d) The Lord of Mahalakshmi
e) One who has Mahalakshmi on his Vakshasthala or chest
f) One who is endowed with Supreme powers.
Sri Adi Sankara says ‘Shreeh Kaantih Sarvaatishayaani asya asti iti Shrimaan – He is Shrimaan because he is full of radiance and is a source of great wonders’. Shrimaan refers to the Lord as One who is more radiant or resplendent than anything else that exists. He refers to Lord’s prosperity (Shri), and the translator’s note adds that this refers to the six kinds of prosperity (Shaadgunya Paripurnatva).
Sri Parasara Bhattar interprets Shrimaan as referring to Bhagavan as One who is endowed with Shri or wealth. He refers to the “Lotus-eyed Matsya Murti as Matsyah Kamala Locanah”, and indicates that based on this, the Matsya Murti form is none other than Shrimaan who is the ParamAtma. When He incarnated as a fish, His splendour was Supreme in that form.
Swami ChinmayAnanda interprets Sri as Mother Lakshmi, who is the total manifested power potential and stands for all powers or all glories. Vishnu is Shrimaan because He has all these powers in Him or is endowed with all glories.
Shrimaan also refers to Sriyah pati, the Lord of Sri or MahaLakshmi. Bhagavan’s beauty is natural to Him because He has SrI in his Vaksha-sthala.
Sri Satyadevo Vasishtha gives the root word as “Shri -Sevaayaam” – One who is fit to be served. Shri also means Shobha or beauty or “Kanti”. He points out that the beauty that is seen all around us in the trees, the birds, the rivers, the flowers, the Sun, the Moon, the stars, etc., should remind us constantly of Bhagavan, the Shrimaan whose Shri is shining in everything. Shri also means wealth. The wealth that humans have is transient, and can disappear any time. Bhagavan is Shrimaan whose wealth is Nitya or permanent.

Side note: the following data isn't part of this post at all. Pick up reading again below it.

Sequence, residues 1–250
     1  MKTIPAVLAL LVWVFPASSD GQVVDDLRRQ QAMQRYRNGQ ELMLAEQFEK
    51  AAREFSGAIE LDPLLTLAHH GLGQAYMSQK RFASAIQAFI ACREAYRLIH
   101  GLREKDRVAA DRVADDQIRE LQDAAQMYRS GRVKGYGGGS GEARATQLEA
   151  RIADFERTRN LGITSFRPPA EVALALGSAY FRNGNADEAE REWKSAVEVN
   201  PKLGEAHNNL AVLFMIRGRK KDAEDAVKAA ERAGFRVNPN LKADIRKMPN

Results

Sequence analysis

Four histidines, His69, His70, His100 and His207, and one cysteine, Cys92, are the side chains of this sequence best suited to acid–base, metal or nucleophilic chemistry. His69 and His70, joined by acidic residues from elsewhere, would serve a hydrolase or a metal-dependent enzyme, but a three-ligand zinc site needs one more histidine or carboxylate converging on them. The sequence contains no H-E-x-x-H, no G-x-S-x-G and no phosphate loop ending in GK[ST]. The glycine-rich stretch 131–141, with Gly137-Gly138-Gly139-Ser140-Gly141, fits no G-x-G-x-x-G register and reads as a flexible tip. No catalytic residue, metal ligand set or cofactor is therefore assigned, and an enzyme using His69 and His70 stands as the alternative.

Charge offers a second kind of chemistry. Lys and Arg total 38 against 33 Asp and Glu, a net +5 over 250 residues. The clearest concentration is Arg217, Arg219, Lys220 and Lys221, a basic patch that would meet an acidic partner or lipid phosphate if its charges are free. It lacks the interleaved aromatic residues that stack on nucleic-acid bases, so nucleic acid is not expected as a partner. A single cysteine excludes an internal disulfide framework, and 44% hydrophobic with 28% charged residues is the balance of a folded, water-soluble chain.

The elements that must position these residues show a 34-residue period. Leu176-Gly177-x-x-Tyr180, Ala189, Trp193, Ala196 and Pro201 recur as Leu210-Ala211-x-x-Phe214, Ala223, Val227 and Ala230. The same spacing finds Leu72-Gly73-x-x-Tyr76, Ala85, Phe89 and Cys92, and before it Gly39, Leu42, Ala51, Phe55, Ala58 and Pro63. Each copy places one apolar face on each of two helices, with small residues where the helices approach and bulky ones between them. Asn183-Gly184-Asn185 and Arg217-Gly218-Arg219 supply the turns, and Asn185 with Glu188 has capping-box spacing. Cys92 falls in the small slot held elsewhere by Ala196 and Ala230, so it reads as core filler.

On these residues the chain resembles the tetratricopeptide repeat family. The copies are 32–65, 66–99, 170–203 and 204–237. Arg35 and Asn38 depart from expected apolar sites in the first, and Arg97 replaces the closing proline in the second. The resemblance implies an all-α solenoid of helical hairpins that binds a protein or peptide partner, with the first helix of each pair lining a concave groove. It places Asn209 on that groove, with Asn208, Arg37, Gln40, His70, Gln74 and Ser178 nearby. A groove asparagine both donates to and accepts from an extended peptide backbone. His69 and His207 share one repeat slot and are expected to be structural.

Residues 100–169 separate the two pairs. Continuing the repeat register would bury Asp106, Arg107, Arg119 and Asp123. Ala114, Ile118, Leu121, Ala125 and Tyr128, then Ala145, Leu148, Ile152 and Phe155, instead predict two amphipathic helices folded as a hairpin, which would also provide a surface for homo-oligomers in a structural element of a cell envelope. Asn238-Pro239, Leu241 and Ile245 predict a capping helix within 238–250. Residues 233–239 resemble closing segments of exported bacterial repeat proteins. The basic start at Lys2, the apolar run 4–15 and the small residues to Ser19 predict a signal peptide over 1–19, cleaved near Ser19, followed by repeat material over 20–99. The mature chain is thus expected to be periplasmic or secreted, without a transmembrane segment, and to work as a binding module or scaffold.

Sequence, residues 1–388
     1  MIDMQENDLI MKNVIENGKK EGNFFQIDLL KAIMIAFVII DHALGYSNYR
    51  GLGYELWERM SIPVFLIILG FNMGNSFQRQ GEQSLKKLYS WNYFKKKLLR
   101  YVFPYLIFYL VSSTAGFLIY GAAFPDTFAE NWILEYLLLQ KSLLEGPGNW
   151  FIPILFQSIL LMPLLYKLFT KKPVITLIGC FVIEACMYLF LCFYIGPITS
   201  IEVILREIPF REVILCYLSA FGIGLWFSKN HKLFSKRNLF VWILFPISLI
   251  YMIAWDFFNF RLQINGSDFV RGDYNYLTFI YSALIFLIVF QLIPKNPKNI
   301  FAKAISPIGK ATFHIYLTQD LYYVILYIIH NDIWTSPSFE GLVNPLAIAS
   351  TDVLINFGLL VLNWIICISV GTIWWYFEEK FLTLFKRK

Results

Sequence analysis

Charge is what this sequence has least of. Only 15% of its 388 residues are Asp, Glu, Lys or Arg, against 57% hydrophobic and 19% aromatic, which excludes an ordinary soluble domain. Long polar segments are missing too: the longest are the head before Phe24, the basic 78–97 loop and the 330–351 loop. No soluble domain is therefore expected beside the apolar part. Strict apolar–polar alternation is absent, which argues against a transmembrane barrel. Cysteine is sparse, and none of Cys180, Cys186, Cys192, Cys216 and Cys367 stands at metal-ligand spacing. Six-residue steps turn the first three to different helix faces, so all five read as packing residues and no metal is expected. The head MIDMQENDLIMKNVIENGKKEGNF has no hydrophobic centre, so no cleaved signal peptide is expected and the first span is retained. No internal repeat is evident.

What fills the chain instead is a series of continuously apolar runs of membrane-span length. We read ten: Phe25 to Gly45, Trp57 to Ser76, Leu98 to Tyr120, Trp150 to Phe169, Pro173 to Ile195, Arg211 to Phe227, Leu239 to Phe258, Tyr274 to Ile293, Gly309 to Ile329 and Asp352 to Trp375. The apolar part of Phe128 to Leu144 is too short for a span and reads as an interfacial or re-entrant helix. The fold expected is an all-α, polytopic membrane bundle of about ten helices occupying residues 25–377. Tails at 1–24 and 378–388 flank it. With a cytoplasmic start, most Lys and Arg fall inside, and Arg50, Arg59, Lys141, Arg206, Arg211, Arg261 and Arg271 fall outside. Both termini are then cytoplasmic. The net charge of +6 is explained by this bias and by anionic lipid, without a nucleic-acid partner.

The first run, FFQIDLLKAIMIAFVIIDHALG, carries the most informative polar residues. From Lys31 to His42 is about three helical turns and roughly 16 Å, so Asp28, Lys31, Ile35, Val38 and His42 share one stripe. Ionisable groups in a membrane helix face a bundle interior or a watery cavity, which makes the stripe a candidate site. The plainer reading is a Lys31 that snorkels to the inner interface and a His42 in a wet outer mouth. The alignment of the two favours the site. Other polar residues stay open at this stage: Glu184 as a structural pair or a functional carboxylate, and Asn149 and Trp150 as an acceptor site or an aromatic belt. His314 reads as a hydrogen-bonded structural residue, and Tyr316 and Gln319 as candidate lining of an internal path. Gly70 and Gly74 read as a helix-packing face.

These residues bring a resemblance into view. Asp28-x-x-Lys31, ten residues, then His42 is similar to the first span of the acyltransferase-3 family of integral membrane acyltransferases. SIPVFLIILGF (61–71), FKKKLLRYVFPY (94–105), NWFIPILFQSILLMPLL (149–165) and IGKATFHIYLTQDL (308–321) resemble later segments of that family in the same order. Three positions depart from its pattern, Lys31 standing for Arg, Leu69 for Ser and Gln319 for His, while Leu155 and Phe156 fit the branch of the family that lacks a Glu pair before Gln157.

The Dharma Chakram article inteprets this Nama to mean that the Prakriti and Purusha are inseparable, just as Shri and the Lord are inseparable, and are part of the same Para-Brahmam.
223. Nyaayah – One who is Just
In Sanskrit the word ‘Nyaaya’ applies to both justice and logic.
Sri Adi Sankara goes for the second meaning i.e. of logic. He describes this as ‘Pramaana Anugraahakah Abhedakaarakah Tarkah Nyaayah – Bhagavan is both the argument (Tarka) and conclusion running through all sources of knowledge (Yukti)’. Tarka or logic tries to identify a cause for every observed phenomenon. However the search for causes has to be given up at some point when we look for the ultimate cause or the cause of all causes. All normal logic breaks down if we try to apply it to explain the nature of Bhagavan. As Bhagavan is both the cause and the effect, He is logic unto Himself.
Sri Parasara Bhattar interprets this Nama as referring to the Lord’s Guna where He does whatever is appropriate for His devotees to ensure that nothing untoward or unwelcome happens to them. He is the epitome of justice and fairness. He does not discriminate between people and treats all of them as equal. He is therefore, Nyaayah or the epitome of justice.
Shri Radhakrishna Shastri says that He is Nyaayah because He is the only one who can give what is good for His devotees in a rational and consistent form that cannot be refuted through counter-arguments.